A new study shows which researchers have effectively quenched a debate over the mechanism behind a fluorescent biosensor that monitors neurons by sensing changes in voltage. The study published in the Journal of the American Chemical Society.
The protein is tethered to the neuron's cell wall by a voltage-sensing component that moves a few angstroms when a signal from another neuron changes the electrical charge in the membrane. The Rice researchers theorized that motion pulls the protein against the membrane, compressing it and quenching fluorescence.
A mechanical process controls the quenching of fluorescence in ArcLight, a synthetic voltage indicator placed within proteins that line the inner membranes of neurons. Through their models, the researchers coupled both the mechanism and fluorescence to the strength of electric fields they observed across the chromophore, the fluorescing part of the protein.
Their results showed a simple measure of the field in a simulation could be used to predict whether and how well new fluorescent sensors will behave before researchers synthesize them, Rossky said. ArcLight, developed by Yale neuroscientist Vincent Pieribone in 2012, is a genetically encoded fluorescence voltage indicator protein.
It contains a mutation that makes the fluorescence signal dim when voltage rises and brighten when voltage falls. That makes it useful for tracking signals in the nervous system by expressing the protein in neurons and seeing how they light up. Rossky said changing the shape of the protein brings two residues a nanometer closer to each other.
That's enough to dictate how the chromophore gets rid of energy, either as light as heat. She said a decade long debate between scientists failed to determine whether mechanical or electrical properties of proteins caused their fluorescence. It turned out to be a bit of both.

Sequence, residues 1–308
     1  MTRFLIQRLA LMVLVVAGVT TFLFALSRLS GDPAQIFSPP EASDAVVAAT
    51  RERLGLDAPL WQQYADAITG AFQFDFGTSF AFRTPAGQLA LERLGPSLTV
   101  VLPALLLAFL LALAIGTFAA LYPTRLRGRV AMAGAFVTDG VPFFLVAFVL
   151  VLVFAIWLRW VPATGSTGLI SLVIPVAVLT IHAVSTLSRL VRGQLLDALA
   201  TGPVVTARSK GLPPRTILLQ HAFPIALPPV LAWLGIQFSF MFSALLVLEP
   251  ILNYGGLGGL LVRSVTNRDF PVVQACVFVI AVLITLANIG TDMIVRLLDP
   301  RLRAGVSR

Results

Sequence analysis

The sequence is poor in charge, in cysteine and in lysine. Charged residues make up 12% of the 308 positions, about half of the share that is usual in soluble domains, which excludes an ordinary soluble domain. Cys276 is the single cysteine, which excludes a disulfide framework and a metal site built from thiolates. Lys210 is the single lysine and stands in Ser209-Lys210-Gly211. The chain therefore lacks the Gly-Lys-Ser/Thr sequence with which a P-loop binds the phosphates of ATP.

"A recent paper gave computational evidence for it being predominantly electrostatic, and it kind of makes sense because the protein's very soft," Simine said. "We also figured those mutations are sticking to the membrane, and when they do, the protein's orientation allows the protein to be compressed."
"We can take any mutation of the sequence of this protein and translate it into two numbers that are the inputs for this model, the electrostatic fields around the chromophore. It's a nice, elegant phenomenological theory."
The lab plans to test its technique on custom-synthesized fluorescent proteins and matching simulations to see if their theory and experimentation continue to align. If they do, they expect their models will be highly useful to synthetic biologists making new classes of fluorescent markers.
Author concludes that to understand the fluorescence from a given molecule, they need to conduct experiment and know about the mechanism and the calculations are incredibly valuable